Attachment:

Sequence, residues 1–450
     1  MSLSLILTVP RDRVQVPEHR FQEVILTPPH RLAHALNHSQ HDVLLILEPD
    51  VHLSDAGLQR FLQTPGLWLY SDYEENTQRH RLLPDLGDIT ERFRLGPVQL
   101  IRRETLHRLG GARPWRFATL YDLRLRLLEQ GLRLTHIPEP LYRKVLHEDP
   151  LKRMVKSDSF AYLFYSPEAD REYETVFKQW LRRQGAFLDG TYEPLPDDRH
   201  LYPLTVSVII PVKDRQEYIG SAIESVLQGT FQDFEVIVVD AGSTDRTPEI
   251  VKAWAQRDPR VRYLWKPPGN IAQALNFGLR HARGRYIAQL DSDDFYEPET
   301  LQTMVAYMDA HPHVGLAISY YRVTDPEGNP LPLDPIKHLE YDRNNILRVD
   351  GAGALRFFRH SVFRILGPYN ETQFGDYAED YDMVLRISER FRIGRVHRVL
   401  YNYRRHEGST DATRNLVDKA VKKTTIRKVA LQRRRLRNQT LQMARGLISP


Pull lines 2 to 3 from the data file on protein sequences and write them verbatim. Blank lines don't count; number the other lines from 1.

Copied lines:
     1  MSLSLILTVP RDRVQVPEHR FQEVILTPPH RLAHALNHSQ HDVLLILEPD
    51  VHLSDAGLQR FLQTPGLWLY SDYEENTQRH RLLPDLGDIT ERFRLGPVQL